Finally, the Philadelphia Phillies made an excellent move on Thursday evening acquiring lefty reliever Jose Alvarez from the Los Angeles Angels in exchange for righty reliever Luis Garcia. Both guys are arbitration eligible with very similar amounts of service time, although Alvarez is a year and a half younger.
I’m genuinely shocked that the Phillies were able to pull this deal off, as Alvarez has been one of the more consistent relievers in the league over the past four seasons. While I would expect a bit of regression in 2019 based on the fact that his home run to fly ball ratio (HR/FB) was 5.1% in 2018 compared to a career rate of 9.5%, the fact that the Phillies were able to acquire a reliever coming off of a 2.71 ERA, 3.05 fielding independent pitching season in exchange for a guy who would have probably been a roster casualty come spring training is absolutely astounding.
Alvarez typically sits in the low 90’s with his fastball and sports a well above-average slider and workable tertiary pitches including a change and a cutter. Despite the relative lack of velocity, he still logged strikeouts at a rather significant 8.43 per nine innings in 2018. He should be used in a set up capacity, as he doesn’t carry any obvious splits.
This deal could also foreshadow a possible trade of Adam Morgan. The Phillies have a deep bullpen including Seranthony Dominguez, Tommy Hunter, Pat Neshek, Edubray Ramos, Hector Neris, Victor Arano, James Pazos, and Juan Nicasio. Prior to the swap, the Phillies only had three left-handed relievers on the 40-man roster: Morgan, Pazos, and a young reliever named Austin Davis. Prior to Thursday’s deal, I had expected Pazos and Morgan to serve as the team’s lefties while Davis was the first promotion upon necessity. This trade could make Morgan expendable.
I like Morgan, and believe that he has the stuff to be an excellent reliever, but the Phillies’ bullpen is so crowded that he would have never been given the opportunity to see any high leverage innings. A trade could do him extremely well, as he’s very strong groundball pitcher who sits in the mid 90’s. He saw his average fastball velocity jump from 91.4 in 2016 to 94.5 in 2017, which was sustained in 2018, giving him some level of likelihood to find success in a lefty set-up role.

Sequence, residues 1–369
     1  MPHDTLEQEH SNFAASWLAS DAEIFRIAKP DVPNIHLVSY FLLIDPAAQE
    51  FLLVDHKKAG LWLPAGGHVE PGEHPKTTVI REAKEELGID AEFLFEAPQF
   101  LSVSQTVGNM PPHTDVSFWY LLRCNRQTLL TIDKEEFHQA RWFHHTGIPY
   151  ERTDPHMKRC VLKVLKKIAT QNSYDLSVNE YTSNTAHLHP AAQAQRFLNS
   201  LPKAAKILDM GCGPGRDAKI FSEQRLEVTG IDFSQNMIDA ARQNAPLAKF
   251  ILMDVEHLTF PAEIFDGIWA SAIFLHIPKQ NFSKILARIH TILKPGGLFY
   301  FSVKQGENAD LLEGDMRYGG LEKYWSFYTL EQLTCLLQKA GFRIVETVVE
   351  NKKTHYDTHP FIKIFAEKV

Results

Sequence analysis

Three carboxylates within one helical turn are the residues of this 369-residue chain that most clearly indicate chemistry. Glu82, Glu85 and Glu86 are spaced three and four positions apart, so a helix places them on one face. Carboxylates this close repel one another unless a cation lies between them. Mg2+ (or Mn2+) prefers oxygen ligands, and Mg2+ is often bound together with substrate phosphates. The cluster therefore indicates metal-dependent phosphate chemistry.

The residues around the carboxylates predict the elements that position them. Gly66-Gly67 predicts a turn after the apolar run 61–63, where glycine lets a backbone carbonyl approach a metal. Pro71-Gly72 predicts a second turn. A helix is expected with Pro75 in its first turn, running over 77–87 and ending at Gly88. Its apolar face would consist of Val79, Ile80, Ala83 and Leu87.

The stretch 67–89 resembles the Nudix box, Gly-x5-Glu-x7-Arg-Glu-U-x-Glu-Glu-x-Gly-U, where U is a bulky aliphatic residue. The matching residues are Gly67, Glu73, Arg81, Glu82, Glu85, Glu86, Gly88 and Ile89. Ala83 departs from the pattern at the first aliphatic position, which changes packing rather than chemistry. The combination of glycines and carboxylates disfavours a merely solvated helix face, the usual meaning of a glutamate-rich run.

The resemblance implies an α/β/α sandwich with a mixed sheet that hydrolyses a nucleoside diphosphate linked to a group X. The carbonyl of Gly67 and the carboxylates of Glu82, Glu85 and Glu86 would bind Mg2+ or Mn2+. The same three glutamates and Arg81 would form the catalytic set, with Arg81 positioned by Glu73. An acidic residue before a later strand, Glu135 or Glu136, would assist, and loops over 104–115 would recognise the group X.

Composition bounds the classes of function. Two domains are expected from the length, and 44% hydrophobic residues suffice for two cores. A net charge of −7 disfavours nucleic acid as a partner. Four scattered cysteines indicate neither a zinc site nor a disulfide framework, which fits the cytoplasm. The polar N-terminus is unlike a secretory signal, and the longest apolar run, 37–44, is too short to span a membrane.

As for Garcia, the Phillies signed him out of the independent leagues in 2013. Despite the dreadful bottom line results from 2018 including a 6.07 ERA, his peripherals all suggest that he should improve going into the 2019 season, as he posted a 3.51 FIP while hitters logged a .354 BABIP. He also struck out 9.98 per nine compared to just 3.52 BB per nine. Another reason for Angels fans to have some hope is the fact that his average velocity has climbed every season, and sat at a rather astounding 97.8 in 2018. Garcia had been the second longest tenured player on the Phillies, as he made his debut on July 10, 2013. The only player ahead of him is Cesar Hernandez, who debuted about a month earlier on May 29, 2013.
Despite the encouraging peripherals on Garcia, I give the Phillies an edge on the deal based on need and price. While Garcia may turn in a great 2019, keep in mind that even without this deal, it seems exceptionally unlikely that he would have been included on the Phillies roster come Opening Day. While it’s not a total loss for the Angels, I think they could have gotten more production from Alvarez, or at least more in return, especially seeing as how their only lefty reliever remaining on the 40-man roster is Williams Jerez.
Only a few days left until the Winter Meeting commence, and with the way the market has flowed thus far, it should be interesting.